Do You Feel Listened To?

By Chris Chittenden

"Be a good listener. Your ears will never get you in trouble."

… Frank Tyger

Nearly every human being seeks to communicate with other human beings. We speak to them or use signs or symbols to put across our view of the world, speak our desires, ask for assistance and so on. Apart from the most physically or mentally impaired, we all have some capacity to communicate with others. Yet, despite being an innate human activity, communication continually shows up as an issue in organisations and life in general. Why is this?

Admittedly some are better at communicating than others, however, regardless of our skill, when we seek to communicate with others, we live in the expectation that others will listen to us. If I speak and you don't listen to me, then I may well feel ignored. It seems that I am not worthy of your attention. As a result, my self worth may feel diminished. When we speak or signal others, at some level, our sense of self is at stake. No wonder poor communication is such a big concern. It is not just about a message being passed to another person, it relates to the heart of who we are as a human being.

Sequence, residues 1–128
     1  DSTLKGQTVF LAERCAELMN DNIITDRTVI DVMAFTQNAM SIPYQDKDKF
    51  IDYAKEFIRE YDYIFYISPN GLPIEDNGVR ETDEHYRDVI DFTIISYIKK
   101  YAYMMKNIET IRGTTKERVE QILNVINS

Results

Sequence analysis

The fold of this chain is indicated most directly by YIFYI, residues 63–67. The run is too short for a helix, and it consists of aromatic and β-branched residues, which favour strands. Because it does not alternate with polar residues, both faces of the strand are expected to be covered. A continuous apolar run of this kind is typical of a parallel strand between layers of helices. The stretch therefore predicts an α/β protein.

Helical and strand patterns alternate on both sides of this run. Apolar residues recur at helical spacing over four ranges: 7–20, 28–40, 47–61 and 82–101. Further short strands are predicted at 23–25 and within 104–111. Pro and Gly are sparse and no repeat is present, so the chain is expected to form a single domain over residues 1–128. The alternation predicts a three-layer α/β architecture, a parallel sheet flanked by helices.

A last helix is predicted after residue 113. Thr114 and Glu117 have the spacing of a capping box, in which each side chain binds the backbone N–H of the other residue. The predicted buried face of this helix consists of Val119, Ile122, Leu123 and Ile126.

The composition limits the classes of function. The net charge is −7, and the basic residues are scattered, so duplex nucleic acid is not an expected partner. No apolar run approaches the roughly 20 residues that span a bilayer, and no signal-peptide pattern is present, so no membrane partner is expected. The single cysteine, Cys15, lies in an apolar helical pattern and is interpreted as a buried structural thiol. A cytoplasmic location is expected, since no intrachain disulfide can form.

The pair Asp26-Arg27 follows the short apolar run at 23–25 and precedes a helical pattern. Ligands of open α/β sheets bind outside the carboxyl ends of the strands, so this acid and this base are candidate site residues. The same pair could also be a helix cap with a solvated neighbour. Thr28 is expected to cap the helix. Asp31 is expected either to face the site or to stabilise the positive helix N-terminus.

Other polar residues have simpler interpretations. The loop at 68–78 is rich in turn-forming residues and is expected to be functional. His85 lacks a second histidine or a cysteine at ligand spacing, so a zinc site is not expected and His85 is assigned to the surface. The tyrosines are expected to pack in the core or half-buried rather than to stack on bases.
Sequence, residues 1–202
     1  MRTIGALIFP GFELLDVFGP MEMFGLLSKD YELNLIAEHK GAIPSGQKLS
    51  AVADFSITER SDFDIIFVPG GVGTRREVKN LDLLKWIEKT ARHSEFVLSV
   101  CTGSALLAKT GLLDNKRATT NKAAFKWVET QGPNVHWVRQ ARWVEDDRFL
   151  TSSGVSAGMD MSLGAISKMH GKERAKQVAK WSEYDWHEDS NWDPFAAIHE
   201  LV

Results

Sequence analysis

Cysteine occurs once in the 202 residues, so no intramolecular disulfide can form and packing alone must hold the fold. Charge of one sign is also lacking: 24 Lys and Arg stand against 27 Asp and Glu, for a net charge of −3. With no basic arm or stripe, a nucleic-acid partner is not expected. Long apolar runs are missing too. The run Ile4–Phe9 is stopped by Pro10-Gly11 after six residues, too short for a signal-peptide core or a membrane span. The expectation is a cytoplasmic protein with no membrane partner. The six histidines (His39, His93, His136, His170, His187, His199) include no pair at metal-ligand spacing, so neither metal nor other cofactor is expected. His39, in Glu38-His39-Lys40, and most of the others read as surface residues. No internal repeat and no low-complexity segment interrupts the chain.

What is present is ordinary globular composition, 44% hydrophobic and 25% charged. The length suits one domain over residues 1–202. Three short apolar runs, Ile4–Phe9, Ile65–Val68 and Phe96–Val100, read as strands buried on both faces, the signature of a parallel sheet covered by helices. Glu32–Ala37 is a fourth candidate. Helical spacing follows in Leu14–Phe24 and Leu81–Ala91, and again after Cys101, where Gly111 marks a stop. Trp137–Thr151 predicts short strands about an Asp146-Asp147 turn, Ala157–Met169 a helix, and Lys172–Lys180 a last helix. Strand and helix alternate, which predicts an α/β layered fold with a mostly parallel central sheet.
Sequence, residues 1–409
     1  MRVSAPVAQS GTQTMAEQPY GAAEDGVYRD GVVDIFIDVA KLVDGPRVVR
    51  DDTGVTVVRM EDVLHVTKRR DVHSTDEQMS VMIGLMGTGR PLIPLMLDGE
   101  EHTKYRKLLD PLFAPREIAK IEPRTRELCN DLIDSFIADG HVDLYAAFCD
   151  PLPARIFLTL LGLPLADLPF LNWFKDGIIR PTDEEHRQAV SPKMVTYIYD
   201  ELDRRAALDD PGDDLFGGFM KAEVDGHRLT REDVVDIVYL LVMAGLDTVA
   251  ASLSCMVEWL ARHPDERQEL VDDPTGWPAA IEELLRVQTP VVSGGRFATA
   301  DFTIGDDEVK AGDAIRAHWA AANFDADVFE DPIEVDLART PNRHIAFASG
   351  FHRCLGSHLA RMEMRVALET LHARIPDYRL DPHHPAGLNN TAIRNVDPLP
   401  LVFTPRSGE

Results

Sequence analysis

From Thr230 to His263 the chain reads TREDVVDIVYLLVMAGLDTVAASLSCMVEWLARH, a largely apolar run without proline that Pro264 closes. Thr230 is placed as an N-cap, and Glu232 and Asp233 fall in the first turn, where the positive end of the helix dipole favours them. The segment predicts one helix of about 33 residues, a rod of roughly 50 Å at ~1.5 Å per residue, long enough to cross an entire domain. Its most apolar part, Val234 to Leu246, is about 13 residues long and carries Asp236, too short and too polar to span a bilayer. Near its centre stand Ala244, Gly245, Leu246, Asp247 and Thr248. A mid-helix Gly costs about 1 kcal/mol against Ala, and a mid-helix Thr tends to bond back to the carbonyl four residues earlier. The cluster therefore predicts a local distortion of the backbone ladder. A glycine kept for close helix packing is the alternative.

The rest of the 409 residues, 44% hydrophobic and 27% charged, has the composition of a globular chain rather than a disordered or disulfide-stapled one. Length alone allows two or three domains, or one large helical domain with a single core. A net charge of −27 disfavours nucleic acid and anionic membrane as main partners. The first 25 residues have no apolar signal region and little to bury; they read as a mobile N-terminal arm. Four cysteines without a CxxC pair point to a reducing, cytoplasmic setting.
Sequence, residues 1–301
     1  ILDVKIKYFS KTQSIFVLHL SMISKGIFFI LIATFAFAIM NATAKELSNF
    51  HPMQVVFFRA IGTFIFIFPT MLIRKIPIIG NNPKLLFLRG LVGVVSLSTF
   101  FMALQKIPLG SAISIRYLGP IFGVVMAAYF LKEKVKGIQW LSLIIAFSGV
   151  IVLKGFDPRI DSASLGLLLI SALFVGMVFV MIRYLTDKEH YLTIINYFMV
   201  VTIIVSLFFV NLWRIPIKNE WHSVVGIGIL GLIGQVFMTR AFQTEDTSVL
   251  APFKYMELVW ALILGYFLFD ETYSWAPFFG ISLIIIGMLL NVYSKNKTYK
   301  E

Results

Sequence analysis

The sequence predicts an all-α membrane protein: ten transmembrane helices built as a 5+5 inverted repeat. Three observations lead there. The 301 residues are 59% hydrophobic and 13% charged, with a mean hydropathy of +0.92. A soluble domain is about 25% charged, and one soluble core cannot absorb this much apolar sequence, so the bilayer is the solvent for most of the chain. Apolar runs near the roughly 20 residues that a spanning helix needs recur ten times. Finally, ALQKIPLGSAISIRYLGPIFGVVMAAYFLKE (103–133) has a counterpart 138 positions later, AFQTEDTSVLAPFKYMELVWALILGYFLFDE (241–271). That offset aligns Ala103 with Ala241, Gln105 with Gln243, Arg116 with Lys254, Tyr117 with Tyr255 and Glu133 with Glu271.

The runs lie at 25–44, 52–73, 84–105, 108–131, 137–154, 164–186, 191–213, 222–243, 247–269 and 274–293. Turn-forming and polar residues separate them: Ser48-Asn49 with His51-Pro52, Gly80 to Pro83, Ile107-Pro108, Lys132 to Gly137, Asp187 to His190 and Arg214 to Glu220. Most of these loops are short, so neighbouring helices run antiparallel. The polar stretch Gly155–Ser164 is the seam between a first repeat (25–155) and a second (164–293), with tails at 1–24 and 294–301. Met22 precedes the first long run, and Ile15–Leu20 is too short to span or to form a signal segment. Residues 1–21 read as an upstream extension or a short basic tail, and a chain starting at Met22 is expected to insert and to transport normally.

Yet do we always listen to others? I reckon I am a pretty fair communicator, yet I know I am not always listening to others when they speak to me. Sometimes, I don't realise they are addressing me, sometimes my mind is elsewhere and sometimes, if I am being honest, I am just not interested in what they are saying. At those times, I am generally not even aware of how they might be feeling as I am more caught up with how I am feeling.

I don't think this makes me a bad person. It just means I am human. I cannot pay attention to everyone all the time. I would go crazy! I will do my best to listen to others and certainly do so when I assess it as important, but I cannot show everyone that I am listening to them all the time. Yet, I also recognise that I may be showing them a lack of respect and diminishing their sense of self. It seems a balance has to be constantly maintained.

How about you? Do you always feel that others listen to you? When they don't, how do you feel? Do you believe you always listen to others? I invite you to think about these questions. It may lead to you being a better listener and someone who helps alleviate the poor level of communication around you.

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© 2013 Chris Chittenden